• Technology – tools for developing and operating the service, as well as connectivity, infrastructure and solutions for delivery of the service
  • Security – safety, privacy and protection of assets, tools, infrastructure and users
  • User Experience – how service providers and users interact with the service and its outcomes
  • Strategic – vision, planning, partnerships, funding and resources

The ability of the city and its service providers to strategically develop and deploy these levers is a core competency and a critical success factor in building a smarter and more responsive city. Over time, as the service matures, and as users expectations and needs change, these levers must be continuously examined and adjusted to maintain or exceed current levels of trust.

Putting it all together: The Smart City Trust Framework

Trust doesn’t magically happen by itself in a smart city. It must be carefully embedded and orchestrated across the entire smart city ecosystem (Figure One). It must be incorporated into the processes and programs that create smart city services throughout its lifecycle, from design, to development, launch, operation, delivery and use to ensure “trusted outcomes” (Figure Two). Equally important, building trust is not the sole responsibility of the city itself, but everyone who “touches” the smart city – from beneficiaries, service providers to planners and policymakers.

mart City Services Lifecycle.

We propose a framework for building trust into the smart city (Figure Three). Trust is created when services from the various value creators (cities, utilities, communities, corporations and individuals) in the smart city ecosystem (Figure One) create outcomes that are relevant, rendered reliably and with integrity, by service providers who are credible, transparent and have the capacity to execute.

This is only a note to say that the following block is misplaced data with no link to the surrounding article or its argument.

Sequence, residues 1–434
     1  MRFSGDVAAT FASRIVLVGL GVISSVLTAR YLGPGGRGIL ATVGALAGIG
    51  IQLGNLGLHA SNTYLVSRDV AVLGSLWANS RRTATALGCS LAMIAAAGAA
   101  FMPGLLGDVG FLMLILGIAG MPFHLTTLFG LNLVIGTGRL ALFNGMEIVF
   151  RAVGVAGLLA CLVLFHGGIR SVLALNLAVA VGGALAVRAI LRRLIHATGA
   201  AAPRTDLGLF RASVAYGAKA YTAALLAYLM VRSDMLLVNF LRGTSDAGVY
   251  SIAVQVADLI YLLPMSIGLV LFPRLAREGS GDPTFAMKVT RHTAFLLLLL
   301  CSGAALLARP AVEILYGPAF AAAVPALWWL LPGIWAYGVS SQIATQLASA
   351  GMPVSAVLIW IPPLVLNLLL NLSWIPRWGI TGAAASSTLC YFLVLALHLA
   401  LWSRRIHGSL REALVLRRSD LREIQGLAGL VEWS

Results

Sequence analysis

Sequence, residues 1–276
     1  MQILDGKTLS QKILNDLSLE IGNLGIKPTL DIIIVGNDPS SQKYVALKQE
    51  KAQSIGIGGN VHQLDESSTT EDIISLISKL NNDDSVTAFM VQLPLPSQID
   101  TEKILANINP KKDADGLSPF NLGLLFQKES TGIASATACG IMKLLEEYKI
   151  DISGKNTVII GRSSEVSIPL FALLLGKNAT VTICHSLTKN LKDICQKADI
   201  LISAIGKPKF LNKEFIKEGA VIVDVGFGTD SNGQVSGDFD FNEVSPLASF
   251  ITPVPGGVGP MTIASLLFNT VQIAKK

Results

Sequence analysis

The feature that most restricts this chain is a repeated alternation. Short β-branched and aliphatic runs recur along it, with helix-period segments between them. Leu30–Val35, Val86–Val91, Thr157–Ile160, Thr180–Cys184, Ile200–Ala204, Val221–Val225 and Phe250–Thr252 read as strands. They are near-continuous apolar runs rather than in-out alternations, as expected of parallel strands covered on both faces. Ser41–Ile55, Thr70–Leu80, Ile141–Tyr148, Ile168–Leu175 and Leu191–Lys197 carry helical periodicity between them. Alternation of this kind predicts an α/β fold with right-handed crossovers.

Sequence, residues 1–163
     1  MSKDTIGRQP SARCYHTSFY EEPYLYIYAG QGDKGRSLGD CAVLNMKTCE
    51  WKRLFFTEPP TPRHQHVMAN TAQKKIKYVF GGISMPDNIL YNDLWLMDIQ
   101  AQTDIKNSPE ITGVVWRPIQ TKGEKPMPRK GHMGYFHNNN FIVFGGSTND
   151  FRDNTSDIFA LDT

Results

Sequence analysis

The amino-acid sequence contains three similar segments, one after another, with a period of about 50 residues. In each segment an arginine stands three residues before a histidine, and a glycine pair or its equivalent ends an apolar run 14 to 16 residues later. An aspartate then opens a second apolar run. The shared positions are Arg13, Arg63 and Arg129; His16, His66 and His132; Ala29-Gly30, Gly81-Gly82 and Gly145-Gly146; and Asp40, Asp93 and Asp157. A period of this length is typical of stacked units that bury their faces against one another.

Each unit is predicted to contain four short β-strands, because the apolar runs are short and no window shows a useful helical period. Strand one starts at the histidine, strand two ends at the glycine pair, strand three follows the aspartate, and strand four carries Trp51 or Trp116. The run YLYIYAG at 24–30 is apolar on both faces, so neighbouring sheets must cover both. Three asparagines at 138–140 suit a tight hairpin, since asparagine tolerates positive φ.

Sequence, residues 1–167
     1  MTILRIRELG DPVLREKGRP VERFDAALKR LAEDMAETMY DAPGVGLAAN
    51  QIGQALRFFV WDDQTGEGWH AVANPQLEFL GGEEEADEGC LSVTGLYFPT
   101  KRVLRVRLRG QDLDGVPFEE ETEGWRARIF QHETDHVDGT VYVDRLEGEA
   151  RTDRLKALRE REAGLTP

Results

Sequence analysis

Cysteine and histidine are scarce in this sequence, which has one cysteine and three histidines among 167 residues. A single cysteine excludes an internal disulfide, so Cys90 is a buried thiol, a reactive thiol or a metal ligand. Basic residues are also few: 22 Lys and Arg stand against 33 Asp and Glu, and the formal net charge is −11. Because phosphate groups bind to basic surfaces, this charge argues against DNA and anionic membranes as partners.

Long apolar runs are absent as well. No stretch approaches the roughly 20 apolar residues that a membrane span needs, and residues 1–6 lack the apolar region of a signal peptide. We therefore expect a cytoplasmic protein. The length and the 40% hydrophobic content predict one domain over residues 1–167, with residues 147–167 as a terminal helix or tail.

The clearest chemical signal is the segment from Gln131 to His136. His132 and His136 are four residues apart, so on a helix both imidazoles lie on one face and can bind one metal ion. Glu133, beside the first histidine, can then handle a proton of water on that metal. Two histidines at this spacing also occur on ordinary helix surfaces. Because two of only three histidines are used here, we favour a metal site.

However, the elements of trust must be considered and incorporated at each phase of the services lifecycle. This is done by examining the various levers of trust, and incorporating the appropriate specific tactics at each lifecycle stage, in order to create the proper outcomes. There is no one size fits all set of tactics. While there may be some common tactics, they will vary from service to service, provider to provider and city to city.

Smart City Trust Framework

Take the example of a city that wishes to deploy smart and connected city lights. This new service allows the city to remotely monitor and manage its streetlights. If a light is not functioning properly, they will know immediately and schedule a repair. The connected lighting system also incorporates machine learning algorithms which will proactively alert the city of impending failures so that it can be serviced before an actual failure can occur.

Upon the deployment of this smart lighting service, business as usual is not good enough. Trust in this service and the public works department (and ultimately the city) is diminished when the lights are not repaired quickly because there is now no excuse for not knowing a streetlight is out. Trust in the service is diminished by the Public Works team if the technology indicates that the lights are functional when it is not, or if the light needs servicing when it does not.